I read those words again in my mind, hoping for the same sedative effect. It never works. It’s just not the same without my favorite bench in the library.
The Highlight of My Night
By Beverly Andersen Timmons (BS ’79)
During my first semester at BYU, I still hadn’t found that delicate balance between having the time of my life and being the good student that I knew I could be. Because of this, I ended most evenings in bed with a textbook in my hands. I thought I could retain information read with blurry eyes when I was dead tired at 1 in the morning.
On one particular night I fell asleep with a bright pink marker in my hand as I attempted to study—but lost the battle. I was sitting up in bed, and as my head nodded, the marker made a nice mark, not on my book, but on my forehead. I awoke the next morning to a beautifully decorated face that would make any preschooler proud!
Lost in La-La Land
By Sariah Gonzalez Kakishita (BS ’99)
One winter semester my brother Alberto and I decided to take an afternoon singing class. We were always tired since we both got only about five hours of sleep every weeknight. We had singing class in the afternoons, when we were done teaching at the MTC and after lunch. One day as I was sitting in class, Iâ€ˆsuddenly heard the teacher calling my name. I must have had my eyes open, otherwise she would not have called me, or so I like to think. But I had no idea why she was calling on me. All I could mumble as an answer was, “I’m sorry,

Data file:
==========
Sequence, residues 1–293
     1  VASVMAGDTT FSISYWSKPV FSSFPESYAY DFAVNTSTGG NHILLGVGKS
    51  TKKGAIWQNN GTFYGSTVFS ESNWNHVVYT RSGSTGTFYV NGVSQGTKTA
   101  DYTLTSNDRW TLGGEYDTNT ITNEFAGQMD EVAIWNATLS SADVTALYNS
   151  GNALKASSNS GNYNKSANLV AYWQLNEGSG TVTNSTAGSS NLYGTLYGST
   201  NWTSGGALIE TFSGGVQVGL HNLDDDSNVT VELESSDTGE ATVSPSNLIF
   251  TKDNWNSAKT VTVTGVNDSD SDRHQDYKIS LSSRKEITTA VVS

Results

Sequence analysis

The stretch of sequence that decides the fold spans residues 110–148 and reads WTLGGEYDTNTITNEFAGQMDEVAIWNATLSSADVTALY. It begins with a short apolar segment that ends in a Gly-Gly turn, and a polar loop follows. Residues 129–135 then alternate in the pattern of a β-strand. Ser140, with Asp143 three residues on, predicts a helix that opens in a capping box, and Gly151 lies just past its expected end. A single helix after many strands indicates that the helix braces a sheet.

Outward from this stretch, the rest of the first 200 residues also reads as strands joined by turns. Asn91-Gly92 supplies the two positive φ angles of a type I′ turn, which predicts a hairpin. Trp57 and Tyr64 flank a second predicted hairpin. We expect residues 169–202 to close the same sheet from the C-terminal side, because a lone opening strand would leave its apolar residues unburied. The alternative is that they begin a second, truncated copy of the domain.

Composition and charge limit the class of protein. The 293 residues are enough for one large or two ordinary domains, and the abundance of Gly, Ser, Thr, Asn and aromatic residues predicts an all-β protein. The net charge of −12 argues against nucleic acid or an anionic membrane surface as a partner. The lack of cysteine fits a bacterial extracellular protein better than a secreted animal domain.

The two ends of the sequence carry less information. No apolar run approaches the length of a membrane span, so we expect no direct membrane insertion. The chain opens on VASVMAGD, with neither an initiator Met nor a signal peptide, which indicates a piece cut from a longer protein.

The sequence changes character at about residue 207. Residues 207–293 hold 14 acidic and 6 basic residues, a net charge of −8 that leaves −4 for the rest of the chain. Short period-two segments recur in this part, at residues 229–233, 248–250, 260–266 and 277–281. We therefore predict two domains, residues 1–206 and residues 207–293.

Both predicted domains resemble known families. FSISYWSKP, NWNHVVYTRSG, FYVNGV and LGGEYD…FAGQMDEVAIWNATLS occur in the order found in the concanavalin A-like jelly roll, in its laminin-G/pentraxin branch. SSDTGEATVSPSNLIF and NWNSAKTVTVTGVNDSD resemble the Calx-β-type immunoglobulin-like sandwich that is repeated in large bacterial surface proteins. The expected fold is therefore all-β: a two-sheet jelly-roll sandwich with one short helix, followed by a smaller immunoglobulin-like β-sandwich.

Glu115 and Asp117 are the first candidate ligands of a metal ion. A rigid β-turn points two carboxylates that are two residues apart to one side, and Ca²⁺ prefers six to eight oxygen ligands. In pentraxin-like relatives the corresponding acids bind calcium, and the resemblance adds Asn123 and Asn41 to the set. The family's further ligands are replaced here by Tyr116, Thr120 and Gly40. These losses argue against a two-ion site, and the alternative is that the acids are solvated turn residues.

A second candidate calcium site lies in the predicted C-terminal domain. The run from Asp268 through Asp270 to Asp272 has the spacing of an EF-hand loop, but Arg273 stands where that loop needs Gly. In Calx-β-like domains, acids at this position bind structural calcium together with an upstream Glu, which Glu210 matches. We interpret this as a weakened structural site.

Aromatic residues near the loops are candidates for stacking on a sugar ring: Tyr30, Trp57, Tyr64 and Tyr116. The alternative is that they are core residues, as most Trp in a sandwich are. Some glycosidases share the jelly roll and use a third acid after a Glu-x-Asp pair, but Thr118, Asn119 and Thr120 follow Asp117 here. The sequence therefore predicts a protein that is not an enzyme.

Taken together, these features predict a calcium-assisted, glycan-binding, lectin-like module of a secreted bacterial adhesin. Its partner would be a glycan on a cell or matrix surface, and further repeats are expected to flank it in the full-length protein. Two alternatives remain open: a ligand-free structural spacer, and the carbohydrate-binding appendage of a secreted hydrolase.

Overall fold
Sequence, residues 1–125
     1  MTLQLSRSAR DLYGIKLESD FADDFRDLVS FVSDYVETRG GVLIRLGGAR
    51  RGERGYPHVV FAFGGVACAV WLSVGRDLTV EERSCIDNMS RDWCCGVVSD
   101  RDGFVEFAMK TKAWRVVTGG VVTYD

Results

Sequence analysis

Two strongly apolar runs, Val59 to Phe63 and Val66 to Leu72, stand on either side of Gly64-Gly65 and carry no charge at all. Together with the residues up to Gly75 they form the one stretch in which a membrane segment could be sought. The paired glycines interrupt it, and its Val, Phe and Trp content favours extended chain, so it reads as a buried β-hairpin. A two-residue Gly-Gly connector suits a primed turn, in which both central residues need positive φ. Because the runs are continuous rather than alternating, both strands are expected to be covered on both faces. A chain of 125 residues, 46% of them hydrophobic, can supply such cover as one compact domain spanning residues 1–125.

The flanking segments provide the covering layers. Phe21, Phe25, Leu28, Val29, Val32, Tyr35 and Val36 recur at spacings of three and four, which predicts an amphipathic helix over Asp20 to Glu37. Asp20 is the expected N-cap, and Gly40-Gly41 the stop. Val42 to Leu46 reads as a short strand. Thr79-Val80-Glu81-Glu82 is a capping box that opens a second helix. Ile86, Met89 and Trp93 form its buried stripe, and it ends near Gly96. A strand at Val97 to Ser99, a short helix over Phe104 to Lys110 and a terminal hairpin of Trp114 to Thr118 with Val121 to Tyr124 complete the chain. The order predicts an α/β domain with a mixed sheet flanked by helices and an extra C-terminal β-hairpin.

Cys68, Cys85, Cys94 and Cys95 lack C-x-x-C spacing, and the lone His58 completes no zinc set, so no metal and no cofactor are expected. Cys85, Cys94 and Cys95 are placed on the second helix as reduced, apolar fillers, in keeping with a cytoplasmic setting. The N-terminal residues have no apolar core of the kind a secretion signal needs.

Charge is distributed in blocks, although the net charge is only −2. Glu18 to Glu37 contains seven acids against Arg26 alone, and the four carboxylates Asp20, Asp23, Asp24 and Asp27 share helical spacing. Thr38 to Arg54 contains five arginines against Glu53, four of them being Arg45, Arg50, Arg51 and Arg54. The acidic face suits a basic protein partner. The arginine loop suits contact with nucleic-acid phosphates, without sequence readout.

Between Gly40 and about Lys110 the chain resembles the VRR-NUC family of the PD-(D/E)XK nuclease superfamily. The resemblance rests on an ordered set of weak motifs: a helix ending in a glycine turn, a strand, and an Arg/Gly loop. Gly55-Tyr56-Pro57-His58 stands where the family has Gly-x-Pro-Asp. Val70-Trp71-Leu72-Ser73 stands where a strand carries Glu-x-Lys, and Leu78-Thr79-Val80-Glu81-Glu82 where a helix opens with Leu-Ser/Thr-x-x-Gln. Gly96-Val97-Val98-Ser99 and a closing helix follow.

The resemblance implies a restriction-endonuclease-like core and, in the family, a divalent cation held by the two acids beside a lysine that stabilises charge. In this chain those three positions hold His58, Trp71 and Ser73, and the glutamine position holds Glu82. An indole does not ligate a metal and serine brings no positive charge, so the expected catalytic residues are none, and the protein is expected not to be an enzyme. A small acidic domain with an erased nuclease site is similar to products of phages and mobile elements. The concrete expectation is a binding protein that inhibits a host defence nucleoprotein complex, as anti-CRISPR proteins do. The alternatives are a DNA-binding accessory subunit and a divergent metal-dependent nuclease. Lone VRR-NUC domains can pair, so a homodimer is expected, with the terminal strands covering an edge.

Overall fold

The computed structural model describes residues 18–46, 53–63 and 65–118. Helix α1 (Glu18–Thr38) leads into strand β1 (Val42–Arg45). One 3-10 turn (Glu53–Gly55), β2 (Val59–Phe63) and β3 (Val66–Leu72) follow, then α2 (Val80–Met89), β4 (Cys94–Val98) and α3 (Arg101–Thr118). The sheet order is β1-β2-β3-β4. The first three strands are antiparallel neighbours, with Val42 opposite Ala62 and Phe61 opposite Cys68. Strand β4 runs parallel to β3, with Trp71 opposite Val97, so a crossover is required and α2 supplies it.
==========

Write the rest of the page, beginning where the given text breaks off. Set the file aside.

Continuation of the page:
I don’t know the answer. I didn’t do my homework.” The teacher smiled at me but did not say anything.
Alberto, who was sitting right next to me, stood up and opened the classroom door. When he came back to his seat he whispered to me, “I don’t even know you.” Later, he told me that the teacher had asked me to open the door because the classroom was getting hot and stuffy. Boy, was that an embarrassing wake-up call!
To Sleep…or Not to Sleep?
By Elisa Mitchell Eames (BA ’02)
The haze of memories surrounding my freshman year at BYU include the usual midnight movies, finals-week trances, and late-night cramming sessions—I once spent longer taking a test than I had spent sleeping the night before.
My first semester, I was given a small part in a student-directed play to be performed on campus. Excited about my BYU stage debut, I willingly accommodated the director’s ongoing changes to the script. In the end, I was to sit in the dark on a lift above the stage with my back to the audience. The lift would gradually descend as the play progressed until the end, when it would be level with the rest of the stage. At that point I was to finally stand, face the audience, and bask in the glory of my one line.
Performance day arrived amidst tests, papers, and missed sleep. Exhausted, I sat on my little chair staring at nothing yet endeavoring to remain in character. Minutes began to pass unnoticed as I listened to the droning voices of the other actors on stage and fought to keep my eyes open. And then, to my horror, I jerked awake and realized that some unaccounted time had passed me by.
I had actually fallen asleep onstage! I panicked. Had I missed my cue? Had I botched my one glorious line? Fortunately, I hadn’t slept through it.
Needless to say, my sleepy performance didn’t win me any awards, but at least I didn’t start snoring.